physical therapist performing active release therapy

The goal of Active Release Technique (ART) therapy is to restore normal soft tissue mobility by breaking down adhesions and restrictions​ that can result in dysfunctional movement patterns and pain. Tissue tension disorders can lead to altered muscle recruitment, nerve symptoms such as numbness or tingling, and overall muscle and joint pain.

During an ART session, a specially trained practitioner uses their hands to apply pressure, manipulation, and movement to damaged or abnormal tissue in muscle, fascia, ligament, tendon, and nerves.

Practitioners have successfully used ART therapy for decades to treat symptoms caused by soft tissue conditions, increase blood flow, ease discomfort, and promote faster healing of injuries. The therapy effectively treats both acute and chronic conditions and is often used to treat sports injuries.

Only certified practitioners should perform ART therapy. Trained practitioners are usually physical therapists, massage therapists, chiropractors, or doctors. Certification requires mastery of over 500 specific protocols used to treat affected areas of the body.

What is an Adhesion?

Adhesions are scar tissue inside your body. They are dense, fibrous bands of inflexible scar tissue that stick two surfaces or organs together which impede normal function. Adhesions can form anywhere in the body.

While scar tissue is a natural part of your body’s healing process, it is not normal tissue. It may cause muscles to shorten and weaken, entrapment of nerves, post-surgical complications, bowel obstructions, infertility, chronic pelvic pain, and other health issues.

Breaking up scar tissue and adhesions through ART relieves pain and brings function back to the affected part of the body.

What Causes Soft Tissue Damage?

Acute, chronic, or cumulative injuries can cause scar tissue to form inside or between muscles, nerves, blood vessels, and connective tissue. Trauma, tears, sprains, or strains from overuse of certain muscles, inflammation of the connective tissue that protects and supports muscles and organs, injury to tendons and ligaments, and post-operative conditions all may cause the accumulation of adhesions and tissue damage.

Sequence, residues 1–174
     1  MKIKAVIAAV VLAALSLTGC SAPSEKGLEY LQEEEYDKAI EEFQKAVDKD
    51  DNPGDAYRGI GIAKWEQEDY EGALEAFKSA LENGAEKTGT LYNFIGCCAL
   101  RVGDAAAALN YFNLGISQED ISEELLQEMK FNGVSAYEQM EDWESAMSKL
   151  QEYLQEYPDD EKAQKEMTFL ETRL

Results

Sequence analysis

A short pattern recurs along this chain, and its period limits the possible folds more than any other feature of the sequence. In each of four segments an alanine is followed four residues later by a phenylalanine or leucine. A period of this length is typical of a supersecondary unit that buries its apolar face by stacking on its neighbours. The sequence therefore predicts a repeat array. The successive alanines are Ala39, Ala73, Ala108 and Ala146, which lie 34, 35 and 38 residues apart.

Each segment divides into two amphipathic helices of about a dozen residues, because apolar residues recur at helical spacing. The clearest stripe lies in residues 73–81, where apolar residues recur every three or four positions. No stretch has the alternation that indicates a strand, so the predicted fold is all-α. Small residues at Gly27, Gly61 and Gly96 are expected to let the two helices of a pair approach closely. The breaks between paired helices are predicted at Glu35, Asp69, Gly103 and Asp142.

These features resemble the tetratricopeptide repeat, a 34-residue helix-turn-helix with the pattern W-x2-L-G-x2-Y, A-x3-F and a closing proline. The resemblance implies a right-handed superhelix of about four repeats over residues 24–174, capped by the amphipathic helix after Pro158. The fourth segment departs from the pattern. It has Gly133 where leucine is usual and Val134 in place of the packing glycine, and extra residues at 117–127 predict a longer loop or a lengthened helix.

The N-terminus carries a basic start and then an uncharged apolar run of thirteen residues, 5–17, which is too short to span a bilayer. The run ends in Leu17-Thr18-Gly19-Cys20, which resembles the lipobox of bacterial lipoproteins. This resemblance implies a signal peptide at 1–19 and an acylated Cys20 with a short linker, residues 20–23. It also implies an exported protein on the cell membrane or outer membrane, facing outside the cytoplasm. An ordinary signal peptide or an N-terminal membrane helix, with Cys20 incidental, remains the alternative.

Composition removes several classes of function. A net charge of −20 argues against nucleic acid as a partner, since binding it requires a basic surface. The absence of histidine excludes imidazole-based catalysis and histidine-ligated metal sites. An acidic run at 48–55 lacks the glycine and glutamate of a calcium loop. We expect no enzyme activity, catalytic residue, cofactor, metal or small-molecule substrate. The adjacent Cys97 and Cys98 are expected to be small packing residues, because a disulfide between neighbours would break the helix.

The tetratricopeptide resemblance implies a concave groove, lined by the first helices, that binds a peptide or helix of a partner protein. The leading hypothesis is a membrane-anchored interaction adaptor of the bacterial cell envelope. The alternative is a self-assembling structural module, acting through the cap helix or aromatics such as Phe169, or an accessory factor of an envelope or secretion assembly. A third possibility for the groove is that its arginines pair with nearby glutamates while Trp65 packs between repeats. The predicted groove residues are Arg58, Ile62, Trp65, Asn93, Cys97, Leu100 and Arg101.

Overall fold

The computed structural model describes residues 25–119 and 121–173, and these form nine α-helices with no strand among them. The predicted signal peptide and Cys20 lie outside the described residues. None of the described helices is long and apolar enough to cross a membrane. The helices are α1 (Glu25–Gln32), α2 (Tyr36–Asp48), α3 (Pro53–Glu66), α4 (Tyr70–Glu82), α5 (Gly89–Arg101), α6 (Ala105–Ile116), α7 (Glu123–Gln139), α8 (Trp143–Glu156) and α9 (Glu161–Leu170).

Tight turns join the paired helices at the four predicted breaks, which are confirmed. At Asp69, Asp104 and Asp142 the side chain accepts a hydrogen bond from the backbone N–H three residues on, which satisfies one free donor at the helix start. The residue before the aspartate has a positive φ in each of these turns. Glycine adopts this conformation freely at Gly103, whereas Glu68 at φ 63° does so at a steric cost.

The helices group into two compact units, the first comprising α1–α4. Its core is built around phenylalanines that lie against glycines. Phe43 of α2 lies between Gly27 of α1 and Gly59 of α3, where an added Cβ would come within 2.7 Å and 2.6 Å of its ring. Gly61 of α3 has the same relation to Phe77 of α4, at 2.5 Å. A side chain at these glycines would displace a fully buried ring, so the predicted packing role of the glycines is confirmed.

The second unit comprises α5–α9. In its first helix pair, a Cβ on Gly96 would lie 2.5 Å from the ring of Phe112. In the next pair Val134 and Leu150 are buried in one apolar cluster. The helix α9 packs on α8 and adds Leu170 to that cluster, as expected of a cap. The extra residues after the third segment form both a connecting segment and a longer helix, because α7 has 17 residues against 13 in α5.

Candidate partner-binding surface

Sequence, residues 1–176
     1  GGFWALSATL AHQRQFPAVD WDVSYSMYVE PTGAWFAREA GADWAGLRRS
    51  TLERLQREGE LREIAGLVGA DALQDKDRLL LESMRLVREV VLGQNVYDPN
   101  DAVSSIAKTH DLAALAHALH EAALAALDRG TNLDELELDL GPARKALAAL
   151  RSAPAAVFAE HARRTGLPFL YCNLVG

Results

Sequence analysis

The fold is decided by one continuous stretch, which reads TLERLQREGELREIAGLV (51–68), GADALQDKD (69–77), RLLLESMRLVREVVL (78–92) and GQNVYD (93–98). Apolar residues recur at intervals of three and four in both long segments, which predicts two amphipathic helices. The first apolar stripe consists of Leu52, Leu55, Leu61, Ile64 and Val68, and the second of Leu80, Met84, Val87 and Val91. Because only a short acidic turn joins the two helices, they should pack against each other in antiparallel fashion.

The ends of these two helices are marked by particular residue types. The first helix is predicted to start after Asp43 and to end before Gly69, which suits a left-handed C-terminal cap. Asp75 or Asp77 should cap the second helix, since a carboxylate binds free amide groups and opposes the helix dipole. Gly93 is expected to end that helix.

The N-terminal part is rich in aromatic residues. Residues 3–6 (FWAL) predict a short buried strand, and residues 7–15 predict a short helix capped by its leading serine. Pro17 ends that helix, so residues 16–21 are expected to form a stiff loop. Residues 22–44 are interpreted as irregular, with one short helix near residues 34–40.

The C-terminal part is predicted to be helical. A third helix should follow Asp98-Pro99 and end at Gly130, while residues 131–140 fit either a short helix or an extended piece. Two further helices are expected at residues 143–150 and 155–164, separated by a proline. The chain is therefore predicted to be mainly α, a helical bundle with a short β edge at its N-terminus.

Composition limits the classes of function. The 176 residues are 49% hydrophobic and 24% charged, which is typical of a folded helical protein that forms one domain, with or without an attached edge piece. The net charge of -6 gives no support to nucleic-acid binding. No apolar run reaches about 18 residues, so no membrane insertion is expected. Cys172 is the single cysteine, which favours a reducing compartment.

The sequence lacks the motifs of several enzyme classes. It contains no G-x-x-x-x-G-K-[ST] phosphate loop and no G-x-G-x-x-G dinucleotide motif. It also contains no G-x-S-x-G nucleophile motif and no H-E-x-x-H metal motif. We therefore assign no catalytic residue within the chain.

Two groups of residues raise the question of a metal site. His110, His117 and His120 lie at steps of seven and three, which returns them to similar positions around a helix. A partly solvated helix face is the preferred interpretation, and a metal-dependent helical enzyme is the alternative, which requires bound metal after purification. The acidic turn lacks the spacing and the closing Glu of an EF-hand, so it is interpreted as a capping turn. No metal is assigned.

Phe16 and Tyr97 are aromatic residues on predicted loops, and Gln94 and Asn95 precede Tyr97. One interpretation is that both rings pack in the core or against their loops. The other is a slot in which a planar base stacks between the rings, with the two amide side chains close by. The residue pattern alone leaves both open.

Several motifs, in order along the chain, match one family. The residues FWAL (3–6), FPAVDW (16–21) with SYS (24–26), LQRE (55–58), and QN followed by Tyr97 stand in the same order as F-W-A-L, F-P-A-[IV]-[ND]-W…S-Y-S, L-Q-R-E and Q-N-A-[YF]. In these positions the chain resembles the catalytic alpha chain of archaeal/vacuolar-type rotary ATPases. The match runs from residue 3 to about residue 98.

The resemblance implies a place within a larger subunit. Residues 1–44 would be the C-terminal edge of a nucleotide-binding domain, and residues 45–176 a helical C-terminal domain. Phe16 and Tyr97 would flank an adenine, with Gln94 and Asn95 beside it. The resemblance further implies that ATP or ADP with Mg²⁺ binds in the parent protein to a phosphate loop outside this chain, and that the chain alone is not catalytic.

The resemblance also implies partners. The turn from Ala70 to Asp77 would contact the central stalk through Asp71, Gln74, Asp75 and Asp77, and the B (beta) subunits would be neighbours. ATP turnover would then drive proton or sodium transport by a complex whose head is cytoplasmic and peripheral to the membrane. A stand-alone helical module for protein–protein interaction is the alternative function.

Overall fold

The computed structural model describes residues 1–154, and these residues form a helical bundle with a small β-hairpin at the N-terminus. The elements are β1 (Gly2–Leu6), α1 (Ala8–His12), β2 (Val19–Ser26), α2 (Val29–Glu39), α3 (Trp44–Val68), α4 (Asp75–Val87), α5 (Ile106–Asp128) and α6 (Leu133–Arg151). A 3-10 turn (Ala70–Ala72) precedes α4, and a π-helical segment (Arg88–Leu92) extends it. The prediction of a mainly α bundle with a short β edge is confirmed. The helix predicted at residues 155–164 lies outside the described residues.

These adhesions restrict and alter movement in the joints or muscles, causing pain, fatigue, and other symptoms.

Pressure caused by poor posture can also cause muscle and tissue adhesions.

What Conditions Does ART Treat?

ART effectively treats a wide range of conditions, including tears, sprains, repetitive strain injuries, and other cumulative or overuse injuries.

Conditions commonly treated with ART include:

  • Lower back pain
  • Sciatic nerve pain
  • Chronic neck pain
  • Tension headaches and migraines
  • Shoulder sprains, pain, or frozen shoulder
  • Repetitive use injuries like tendonitis, which often cause pain in the shoulders, elbows, wrists, knees, legs, or heels
  • Carpal tunnel syndrome
  • Plantar fasciitis
  • Post-operative scarring and adhesions (especially common in those who have had abdominal surgery or gynecological procedures)

Signs of Scar Tissue

A buildup of scar tissue can cause pain, weakness, and restricted movement. One or more of the following may be a signal that scar tissue is causing dysfunction or pain in the body.

  • Muscle stiffness in the neck, back, or extremities
  • Sharp pain in the heel of the foot
  • Decreased range of motion
  • Increased weakness
  • Lack of flexibility
  • Joint inflammation
  • Tingling, numbness, or pain in the fingers or other body parts

What to Expect During an ART Session

The goal of ART therapy is to break up scar tissue to restore free movement, resilience, and function of soft tissue, to improve circulation, and to reduce or eliminate pain and stiffness.

MOTION physical therapists are certified ART practitioners and experts in treating soft tissue injuries. After a thorough assessment of your situation, your physical therapy team will design a treatment plan to fit your individual needs.

Your First ART Therapy Session